The New Jersey Devils have a problem, one that’s traveling with the team and costing them $6,000,000 against their salary cap for this season and the next pair as well. The problem’s name just so happens to be Cory Schneider. Due to injuries more so than Father Time, Schneider has left behind his years of elite-level goaltending and instead we now have a player whose save % indicates he’s a below-average player.
It pains me a bit to write the above paragraph, because I was extremely excited when the Devils first acquired Schneider way back in the summer of 2013. Even at 27 years old, there was hope for many good years of goaltending due to the fact that Cory had primarily been Roberto Luongo’s backup until the trade. His first year in New Jersey was spent splitting time with the legendary Martin Brodeur. After completion of that season, he only had appeared in 136 AHL and 144 NHL games; with an excellent save % each season up until that campaign’s conclusion, Cory was primed to be premiere for a long time.
In the Devils Dark Ages, Cory was the light that shone through; he posted a .921 during the split year with Brodeur. The next two season saw a .925 and .924 respectively; goaltending wasn’t the issue, we just needed some Goals for Cory. The 2016-17 season seemed to be where the stars would all align, as the Devils managed to acquire Taylor Hall, but Schneider would regress to a .908 and the Devils finished dead last in the East. The hope was that he could rebound in 2017-18, but despite a similar percentage of pucks being stopped by Schneider (.907), this is probably where the downfall began.
January of 2018 would see Cory injure his groin, and Keith Kinkaid would grab the reigns as the team’s starting netminder. Cory would struggle to return to any sort of consistent form, and Kinkaid would lead the Devils to their first postseason appearance since 2012. After Keith struggled, Cory would come in and provide elite numbers for three and a half games; a flicker of hope was alive.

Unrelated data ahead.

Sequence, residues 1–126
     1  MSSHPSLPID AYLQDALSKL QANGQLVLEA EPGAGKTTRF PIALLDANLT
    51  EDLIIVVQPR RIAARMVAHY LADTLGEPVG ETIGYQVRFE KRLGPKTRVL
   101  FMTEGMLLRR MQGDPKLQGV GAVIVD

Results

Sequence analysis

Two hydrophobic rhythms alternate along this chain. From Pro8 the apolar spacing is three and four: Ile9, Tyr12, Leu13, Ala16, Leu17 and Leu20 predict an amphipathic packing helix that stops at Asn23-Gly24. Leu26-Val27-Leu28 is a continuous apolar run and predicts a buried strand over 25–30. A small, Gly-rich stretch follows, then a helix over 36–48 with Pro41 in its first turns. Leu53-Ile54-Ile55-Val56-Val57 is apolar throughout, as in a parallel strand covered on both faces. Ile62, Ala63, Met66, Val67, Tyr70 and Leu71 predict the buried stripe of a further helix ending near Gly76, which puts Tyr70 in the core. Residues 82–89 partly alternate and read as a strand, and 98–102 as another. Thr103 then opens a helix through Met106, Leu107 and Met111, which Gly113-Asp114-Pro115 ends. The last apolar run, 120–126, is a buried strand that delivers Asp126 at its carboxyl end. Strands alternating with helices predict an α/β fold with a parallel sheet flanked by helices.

2018-19 saw everything come crashing down; Cory’s goals against averaged ballooned to over three for the first time since his early career cup of coffee runs with the Canucks. His save percentage continued to trend downward, with way too many games of sub-.900 goaltending. Both he and Kinkaid were ineffective and injured at multiple points, to the point where MacKenzie Blackwood was recalled and infinitely more effective than either.
This season was supposed to see the healthiest Cory since pre-groin injury. This season was supposed to be his return to at least NHL-caliber play. This season had a bright outlook thanks to strong preseason play.
This season...nothing has changed. Cory had two strong periods against the Winnipeg Jets on opening night, and then he “cramped” and since those “cramps” took him out of that game, he has looked like the Schneider of the past few seasons: injured, rusty and just generally not an NHL player anymore. Again, with how bright the future looked with him, it pains me to write that.
The 2019-20 season was projected to be a resurgence for the team even within a competitive division and conference; they improved their defense and their secondary scoring. Yet with their current 4-5-4 record, the improvements haven’t shown just yet. More troubling in relation to Cory is that all four wins belong to Mac. One of the most important factors heading into the season for the success of the group was strong goaltending and right now, that isn’t always the case.
The Devils need a win tonight; picking one up against a somewhat struggling Calgary Flames team (they’re not as high in the standings as they were last season) could do wonders for morale and confidence going forward. It certainly could continue to lift them through this rough Western Canada trip. As such, the Devils should staple, super glue, duct tape or otherwise find a way to affix Cory to the bench tonight. Blackwood has had some rough games this season (and some rough luck) but he has put together at least a few good to great performances. I can’t say the same for Schenider outside of again the first two periods of the season.
The Devils want (and somewhat need) this to be a successful season; to achieve their goal, however, may require a tough decision when attempting to solve their $6,000,000 problem.
What do you think about the case of this problem for the New Jersey Devils? Should the team try and get Schneider to fight back to form? Should they waive him and send him down to Binghamton? Could they possibly buy him out this summer or are they stuck with his contract and declining play? Leave any and all comments below and thanks as always for reading!